A new bill decriminalising some forms of domestic violence in Russia has sparked anger among advocates of women's rights. The bill has passed its first reading in the country's Duma, leaving critics disheartened.
On Wednesday (11 January), some 368 lawmakers in Duma – the lower house of parliament – voted in favour of the bill, which was introduced by MP Yelena Mizulina, who has argued that people should not be jailed and labeled a criminal "for a slap."
Mizulina, a conservative MP who had also promoted a law that made "propaganda of homosexuality among minors" an offence, said: "Battery carried out toward family members should be an administrative offence. You don't want people to be imprisoned for two years and labeled a criminal for the rest of their lives for a slap."
"In Russian traditional family culture parent-child relationships are built on the authority of the parents' power... The laws should support that family tradition," she said, adding if parents were not allowed to discipline their children by beating them it would weaken "traditional family culture".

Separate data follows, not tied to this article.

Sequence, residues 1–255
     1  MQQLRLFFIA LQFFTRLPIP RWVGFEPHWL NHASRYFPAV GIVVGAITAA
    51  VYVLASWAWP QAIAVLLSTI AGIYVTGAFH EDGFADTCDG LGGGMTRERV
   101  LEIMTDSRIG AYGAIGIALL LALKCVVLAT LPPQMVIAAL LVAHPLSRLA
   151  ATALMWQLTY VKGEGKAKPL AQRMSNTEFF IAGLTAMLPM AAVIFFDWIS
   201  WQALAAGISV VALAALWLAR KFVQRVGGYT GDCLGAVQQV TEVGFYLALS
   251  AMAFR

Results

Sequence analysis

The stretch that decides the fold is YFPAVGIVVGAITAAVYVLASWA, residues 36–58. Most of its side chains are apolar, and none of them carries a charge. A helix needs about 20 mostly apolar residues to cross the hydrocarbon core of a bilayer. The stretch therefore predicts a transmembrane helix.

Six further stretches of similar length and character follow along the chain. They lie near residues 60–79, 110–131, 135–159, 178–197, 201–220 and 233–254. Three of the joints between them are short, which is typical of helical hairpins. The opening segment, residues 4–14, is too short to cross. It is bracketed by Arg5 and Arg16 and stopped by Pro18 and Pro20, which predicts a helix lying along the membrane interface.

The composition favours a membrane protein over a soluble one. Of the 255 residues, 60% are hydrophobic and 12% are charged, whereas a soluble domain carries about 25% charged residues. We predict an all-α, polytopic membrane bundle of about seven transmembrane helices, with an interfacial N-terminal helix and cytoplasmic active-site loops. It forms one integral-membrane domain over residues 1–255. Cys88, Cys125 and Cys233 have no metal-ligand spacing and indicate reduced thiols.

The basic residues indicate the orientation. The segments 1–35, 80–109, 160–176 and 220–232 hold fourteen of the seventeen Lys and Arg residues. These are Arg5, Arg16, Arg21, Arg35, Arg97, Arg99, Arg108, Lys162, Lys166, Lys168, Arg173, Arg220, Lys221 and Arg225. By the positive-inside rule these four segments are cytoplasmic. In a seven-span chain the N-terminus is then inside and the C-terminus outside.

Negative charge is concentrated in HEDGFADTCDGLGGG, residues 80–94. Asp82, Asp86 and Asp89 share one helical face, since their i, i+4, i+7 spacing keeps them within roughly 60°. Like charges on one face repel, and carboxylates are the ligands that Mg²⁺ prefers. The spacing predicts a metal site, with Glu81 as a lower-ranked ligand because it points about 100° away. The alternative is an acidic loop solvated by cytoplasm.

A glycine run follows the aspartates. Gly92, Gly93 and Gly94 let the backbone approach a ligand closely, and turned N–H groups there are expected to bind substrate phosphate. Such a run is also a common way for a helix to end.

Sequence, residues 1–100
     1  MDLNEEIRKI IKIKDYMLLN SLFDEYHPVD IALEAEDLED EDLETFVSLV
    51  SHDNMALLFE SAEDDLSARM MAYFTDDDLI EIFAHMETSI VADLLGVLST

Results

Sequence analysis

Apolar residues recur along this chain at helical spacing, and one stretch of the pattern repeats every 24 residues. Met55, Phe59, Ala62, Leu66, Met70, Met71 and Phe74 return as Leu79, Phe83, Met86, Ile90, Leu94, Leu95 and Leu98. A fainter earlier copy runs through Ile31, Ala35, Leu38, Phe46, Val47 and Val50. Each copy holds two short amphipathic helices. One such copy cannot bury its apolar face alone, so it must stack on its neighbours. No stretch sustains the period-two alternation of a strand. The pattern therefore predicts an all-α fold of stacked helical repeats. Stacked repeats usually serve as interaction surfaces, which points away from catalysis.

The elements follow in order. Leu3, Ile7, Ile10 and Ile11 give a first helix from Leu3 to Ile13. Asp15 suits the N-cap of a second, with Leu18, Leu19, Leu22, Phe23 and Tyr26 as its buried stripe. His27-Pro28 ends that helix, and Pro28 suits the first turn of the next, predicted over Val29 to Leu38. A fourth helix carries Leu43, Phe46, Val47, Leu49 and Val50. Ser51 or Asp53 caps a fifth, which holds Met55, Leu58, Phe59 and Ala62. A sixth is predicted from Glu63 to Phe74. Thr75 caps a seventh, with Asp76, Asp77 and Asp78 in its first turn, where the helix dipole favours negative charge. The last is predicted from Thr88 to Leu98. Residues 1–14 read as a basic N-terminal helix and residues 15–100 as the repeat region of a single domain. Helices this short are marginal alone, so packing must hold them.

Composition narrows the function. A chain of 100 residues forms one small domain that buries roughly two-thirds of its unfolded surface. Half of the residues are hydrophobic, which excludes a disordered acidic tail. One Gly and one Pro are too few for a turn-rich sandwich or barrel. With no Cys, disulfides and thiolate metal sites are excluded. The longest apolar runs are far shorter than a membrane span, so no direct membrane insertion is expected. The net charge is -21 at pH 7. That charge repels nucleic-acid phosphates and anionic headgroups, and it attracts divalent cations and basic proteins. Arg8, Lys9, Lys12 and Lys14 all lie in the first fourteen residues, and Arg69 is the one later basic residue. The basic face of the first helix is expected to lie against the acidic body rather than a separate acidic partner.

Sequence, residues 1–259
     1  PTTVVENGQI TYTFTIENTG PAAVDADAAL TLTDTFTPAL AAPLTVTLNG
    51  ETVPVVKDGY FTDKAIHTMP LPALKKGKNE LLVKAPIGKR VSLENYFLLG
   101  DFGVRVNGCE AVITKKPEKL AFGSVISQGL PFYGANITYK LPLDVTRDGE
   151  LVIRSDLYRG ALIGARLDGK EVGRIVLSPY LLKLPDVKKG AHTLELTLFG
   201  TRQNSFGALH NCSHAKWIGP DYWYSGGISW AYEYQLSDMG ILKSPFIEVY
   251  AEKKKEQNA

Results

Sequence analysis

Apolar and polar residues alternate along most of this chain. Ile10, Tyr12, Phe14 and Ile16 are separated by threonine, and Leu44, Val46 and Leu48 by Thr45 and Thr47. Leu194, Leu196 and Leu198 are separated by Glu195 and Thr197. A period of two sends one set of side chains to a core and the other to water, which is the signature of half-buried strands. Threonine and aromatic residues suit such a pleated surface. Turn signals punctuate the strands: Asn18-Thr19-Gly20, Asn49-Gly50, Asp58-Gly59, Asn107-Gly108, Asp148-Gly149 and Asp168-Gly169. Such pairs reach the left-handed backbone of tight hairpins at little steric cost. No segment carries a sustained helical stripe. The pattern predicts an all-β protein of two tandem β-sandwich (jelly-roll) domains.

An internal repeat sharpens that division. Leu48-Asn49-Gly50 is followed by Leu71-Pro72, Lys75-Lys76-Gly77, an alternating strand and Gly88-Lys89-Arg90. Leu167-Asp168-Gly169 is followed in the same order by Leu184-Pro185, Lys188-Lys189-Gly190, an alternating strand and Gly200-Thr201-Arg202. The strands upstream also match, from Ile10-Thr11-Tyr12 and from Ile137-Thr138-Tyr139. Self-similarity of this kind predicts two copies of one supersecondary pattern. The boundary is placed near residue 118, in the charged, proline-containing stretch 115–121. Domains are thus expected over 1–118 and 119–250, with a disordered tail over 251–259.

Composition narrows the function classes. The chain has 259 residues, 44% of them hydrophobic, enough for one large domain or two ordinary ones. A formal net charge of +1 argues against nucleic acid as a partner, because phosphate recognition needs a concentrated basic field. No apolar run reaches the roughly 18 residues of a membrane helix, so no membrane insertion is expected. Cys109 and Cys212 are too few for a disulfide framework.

But critics condemned the move and said it would set back efforts to tackle a prevalent issue, citing the draft that mentioned criminal charges will only be brought if a relative is beaten more than once a year.
The draft concerns both parents' conduct of their children, and husbands and wives' behavior of each other.
Olga Bobrova, a journalist at Novaya Gazeta and a critic of the bill, said that in many cases violence that does not leave marks on the victim's body still "transforms her life into a living hell", mentioning a phrase from the draft which says violent action causing injuries cannot be considered criminal if the victim does not require hospital treatment.
"A huge number of women tolerate domestic violence but do not bring it out to the public. The decriminalisation will worsen the situation," she added.
In November, Bobrova wrote that "domestic violence is a normal way of life" in Russia, justifying a well-know aphorism in Russia that says "If he beats you, it means he loves you".
Another critic, Alena Popova, a social and political activist, said that MPs who voted for it would "be personally responsible for the injuries, the scratches, the bruises, the tears, for the lives and deaths of all victims of domestic abuse".
She also posted statistics on her Facebook page describing the number of violent crimes. She wrote 36,493 Russian women and 11,756 children had suffered from domestic violence in the country in 2015.